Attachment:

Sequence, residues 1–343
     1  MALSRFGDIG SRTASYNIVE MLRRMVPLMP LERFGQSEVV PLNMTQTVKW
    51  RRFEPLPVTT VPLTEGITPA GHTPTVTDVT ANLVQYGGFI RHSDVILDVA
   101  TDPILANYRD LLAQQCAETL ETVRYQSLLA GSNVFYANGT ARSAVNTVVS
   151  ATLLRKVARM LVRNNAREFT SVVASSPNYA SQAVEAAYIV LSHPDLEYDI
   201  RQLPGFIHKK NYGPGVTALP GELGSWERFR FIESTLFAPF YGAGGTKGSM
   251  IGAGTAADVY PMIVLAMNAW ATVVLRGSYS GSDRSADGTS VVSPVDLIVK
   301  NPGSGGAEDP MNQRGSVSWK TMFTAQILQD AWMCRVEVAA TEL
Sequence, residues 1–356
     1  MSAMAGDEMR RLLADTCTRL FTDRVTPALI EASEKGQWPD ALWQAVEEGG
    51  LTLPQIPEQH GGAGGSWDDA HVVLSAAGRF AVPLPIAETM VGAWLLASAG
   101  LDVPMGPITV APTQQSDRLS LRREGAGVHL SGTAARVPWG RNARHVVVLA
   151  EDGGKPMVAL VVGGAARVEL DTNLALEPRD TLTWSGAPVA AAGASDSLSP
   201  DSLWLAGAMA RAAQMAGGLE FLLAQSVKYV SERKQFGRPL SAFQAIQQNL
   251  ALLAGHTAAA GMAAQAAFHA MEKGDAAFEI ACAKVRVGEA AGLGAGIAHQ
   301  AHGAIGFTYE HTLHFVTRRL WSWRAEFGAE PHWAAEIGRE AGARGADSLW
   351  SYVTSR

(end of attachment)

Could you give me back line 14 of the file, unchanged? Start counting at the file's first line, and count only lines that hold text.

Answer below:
   201  DSLWLAGAMA RAAQMAGGLE FLLAQSVKYV SERKQFGRPL SAFQAIQQNL